Andrea Schmitz

Tajikistan on the Road to Totalitarianism

SWP Comment 2019/C 10, February 2019, 4 Pages

doi:10.18449/2019C10

Regions:

Tajikistan

Rather overshadowed by ongoing violence in Afghanistan and an unexpected political opening in Uzbekistan, Tajikistan is witnessing the emergence of a totalitarian system focused entirely on the president. Alongside legal moves and key appointments, ideo­logical propaganda plays a central role. Two main trends are involved: the presentation of President Emomali Rahmon as bringer of peace and guarantor of national unity, and the establishment of a canon of “national” norms and values designed to enforce social and ideological homogeneity. The spectre of Islamic fundamentalism is instru­mentalised to consolidate the ruling ideology, while surveillance and sanctioning enforce behavioural conformity.

Unlike the neighbouring Central Asian republics, Tajikistan’s consolidation as an independent state after the collapse of the Soviet Union was interrupted by a civil war (1992–1997). That event remains an impor­tant point of reference for the post-commu­nist elite under President Emomali Rahmon, who came to power on the back of the war. The externally mediated 1997 peace agreement with the United Tajik Opposition (UTO) forced Rahmon to share power with his former adversaries. The Islamic Renaissance Party (IRP) played an especially prominent role, having reorganised itself after being the strongest group within the opposition alliance during the war. The IRP advocated a secular and democratic political order on the basis of Muslim values. In a country plagued by poverty, whose economic survival depends on labour migration and foreign loans, it found its base among the religiously con­servative and the economically marginal­ised. After entering parliament in 2000 the IRP grew to become the strongest opposition force, claiming about forty thousand active members in 2014.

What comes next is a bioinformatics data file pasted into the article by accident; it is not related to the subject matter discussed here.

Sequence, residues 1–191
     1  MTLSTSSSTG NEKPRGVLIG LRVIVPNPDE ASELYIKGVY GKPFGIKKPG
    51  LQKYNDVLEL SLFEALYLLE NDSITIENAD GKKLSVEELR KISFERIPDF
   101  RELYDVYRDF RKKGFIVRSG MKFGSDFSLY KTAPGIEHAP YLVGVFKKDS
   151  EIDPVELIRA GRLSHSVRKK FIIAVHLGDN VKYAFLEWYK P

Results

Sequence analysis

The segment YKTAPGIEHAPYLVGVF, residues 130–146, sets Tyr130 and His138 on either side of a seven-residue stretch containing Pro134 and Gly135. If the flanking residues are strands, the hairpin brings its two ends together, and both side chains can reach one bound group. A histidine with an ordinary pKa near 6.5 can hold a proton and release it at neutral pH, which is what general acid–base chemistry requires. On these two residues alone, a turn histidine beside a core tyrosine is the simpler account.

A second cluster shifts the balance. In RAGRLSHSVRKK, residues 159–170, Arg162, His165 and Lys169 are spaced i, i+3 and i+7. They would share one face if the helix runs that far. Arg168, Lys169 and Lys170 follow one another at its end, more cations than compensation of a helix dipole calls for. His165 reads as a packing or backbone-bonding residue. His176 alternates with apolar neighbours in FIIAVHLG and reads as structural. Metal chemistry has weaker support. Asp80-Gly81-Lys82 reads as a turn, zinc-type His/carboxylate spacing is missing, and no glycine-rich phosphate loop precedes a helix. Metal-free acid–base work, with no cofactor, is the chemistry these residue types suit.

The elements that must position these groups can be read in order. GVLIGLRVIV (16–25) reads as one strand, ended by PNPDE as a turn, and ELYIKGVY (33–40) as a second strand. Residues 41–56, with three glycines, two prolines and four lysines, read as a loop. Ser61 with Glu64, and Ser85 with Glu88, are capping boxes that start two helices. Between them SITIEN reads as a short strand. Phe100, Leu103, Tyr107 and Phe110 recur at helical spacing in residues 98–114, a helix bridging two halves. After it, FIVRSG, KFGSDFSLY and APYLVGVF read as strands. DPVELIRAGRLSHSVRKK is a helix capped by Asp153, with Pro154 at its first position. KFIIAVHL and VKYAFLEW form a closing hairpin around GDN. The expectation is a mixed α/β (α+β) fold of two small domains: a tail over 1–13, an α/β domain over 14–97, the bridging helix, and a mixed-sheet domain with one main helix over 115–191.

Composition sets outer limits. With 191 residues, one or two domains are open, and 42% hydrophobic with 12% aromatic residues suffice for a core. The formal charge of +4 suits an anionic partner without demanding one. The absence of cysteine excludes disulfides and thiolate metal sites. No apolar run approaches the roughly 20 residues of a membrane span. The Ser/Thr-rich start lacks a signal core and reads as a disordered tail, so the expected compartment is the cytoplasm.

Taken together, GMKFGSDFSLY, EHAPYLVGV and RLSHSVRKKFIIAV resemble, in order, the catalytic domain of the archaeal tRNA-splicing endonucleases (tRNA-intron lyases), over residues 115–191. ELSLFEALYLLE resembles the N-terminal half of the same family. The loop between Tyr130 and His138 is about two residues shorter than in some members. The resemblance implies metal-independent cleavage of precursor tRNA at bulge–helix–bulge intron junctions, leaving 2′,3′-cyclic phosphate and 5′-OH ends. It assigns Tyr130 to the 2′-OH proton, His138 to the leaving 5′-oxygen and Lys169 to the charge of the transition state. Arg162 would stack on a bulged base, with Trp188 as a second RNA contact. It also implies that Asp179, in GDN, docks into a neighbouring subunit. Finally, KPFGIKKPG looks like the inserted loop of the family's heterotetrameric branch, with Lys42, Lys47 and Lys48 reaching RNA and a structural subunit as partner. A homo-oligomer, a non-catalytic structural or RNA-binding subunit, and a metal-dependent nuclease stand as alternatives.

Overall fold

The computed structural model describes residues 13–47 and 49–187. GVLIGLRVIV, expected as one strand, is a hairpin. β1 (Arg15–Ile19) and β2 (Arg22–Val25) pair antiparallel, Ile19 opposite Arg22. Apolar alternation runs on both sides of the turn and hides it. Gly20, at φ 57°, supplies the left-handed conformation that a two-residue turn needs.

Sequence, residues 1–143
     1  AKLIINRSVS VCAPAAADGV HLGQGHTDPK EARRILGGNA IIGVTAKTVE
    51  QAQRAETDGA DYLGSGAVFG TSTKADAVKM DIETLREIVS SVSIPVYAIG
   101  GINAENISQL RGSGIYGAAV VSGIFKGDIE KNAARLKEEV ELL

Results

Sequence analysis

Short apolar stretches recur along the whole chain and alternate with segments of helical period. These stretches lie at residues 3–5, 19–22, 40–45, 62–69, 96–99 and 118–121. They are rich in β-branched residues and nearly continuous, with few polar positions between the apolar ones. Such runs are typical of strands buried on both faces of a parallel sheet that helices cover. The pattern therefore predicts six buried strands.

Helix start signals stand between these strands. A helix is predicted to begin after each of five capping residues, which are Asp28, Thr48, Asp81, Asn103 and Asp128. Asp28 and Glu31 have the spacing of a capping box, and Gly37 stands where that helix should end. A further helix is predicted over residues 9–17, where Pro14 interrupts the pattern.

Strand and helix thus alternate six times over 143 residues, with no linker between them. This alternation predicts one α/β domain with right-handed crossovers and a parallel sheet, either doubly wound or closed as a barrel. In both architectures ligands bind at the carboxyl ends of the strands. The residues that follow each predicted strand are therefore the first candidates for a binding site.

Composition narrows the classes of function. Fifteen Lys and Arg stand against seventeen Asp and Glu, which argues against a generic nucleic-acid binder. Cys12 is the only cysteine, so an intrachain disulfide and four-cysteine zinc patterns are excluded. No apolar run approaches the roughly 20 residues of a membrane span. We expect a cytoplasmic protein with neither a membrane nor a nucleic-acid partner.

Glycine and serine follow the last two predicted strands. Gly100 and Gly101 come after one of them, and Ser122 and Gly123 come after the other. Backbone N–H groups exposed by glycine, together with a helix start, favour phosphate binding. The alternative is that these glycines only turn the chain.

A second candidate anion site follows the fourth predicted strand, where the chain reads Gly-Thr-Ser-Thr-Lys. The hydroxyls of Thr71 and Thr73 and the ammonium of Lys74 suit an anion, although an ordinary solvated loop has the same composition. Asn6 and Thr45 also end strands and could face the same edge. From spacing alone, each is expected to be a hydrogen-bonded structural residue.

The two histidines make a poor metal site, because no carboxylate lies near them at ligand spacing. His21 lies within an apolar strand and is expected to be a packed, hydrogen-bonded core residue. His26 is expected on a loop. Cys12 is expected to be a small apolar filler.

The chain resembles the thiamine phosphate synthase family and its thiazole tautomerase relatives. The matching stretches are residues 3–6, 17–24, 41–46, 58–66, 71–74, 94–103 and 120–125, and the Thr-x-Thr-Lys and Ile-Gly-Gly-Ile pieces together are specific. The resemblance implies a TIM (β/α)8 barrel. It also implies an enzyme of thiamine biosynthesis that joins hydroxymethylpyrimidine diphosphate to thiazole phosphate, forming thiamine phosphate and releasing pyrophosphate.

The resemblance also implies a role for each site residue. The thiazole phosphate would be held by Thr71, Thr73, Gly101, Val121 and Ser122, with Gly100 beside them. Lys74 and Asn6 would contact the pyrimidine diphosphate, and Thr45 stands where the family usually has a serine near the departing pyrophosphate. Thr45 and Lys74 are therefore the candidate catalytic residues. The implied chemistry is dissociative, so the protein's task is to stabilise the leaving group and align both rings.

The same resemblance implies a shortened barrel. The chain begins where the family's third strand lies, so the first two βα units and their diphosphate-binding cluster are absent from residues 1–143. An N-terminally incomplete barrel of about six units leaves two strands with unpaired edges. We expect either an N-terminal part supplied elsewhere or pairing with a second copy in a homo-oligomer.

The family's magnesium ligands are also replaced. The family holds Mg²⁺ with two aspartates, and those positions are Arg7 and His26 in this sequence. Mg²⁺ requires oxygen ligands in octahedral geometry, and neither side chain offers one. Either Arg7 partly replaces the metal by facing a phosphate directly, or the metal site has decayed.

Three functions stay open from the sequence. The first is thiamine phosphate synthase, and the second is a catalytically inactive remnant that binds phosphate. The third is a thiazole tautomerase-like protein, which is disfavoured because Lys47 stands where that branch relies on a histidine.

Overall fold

Elimination of Opposition

President Rahmon, whose supporters are organised in the People’s Democratic Party (PDP, the de facto successor to the Soviet-era Communist Party), has increasingly ignored the peace agreement since the end of the civil war. Former warlords have been suc­ces­sively excluded from politics, along with political entrepreneurs and businessmen who dared to challenge the President’s power.

The IRP was not exempt from this policy. Its open complaints of corruption and abuse of power by representatives of the elite and its demands for good governance in harmony with the tenets of Islam pre­sented a particularly serious challenge to the regime. But as long as it was represented in parliament (even if only holding a few seats) and its status as a legal political orga­ni­sation was protected by the constitution, there was no legal possibility to exclude it from the political arena. In fact, the regime exploited the IRP’s existence internally and externally to portray Tajikistan as a country orientated on democratic principles. At the same time, the regime concentrated on under­mining the party’s support through defamation and repression. In the March 2015 parliamentary elections, which were subject to numerous irregularities, the IRP failed to win any seats; only parties loyal to the regime have been represented ever since. A few months after the election the IRP’s registration was annulled, its struc­tures destroyed and leading members im­prisoned.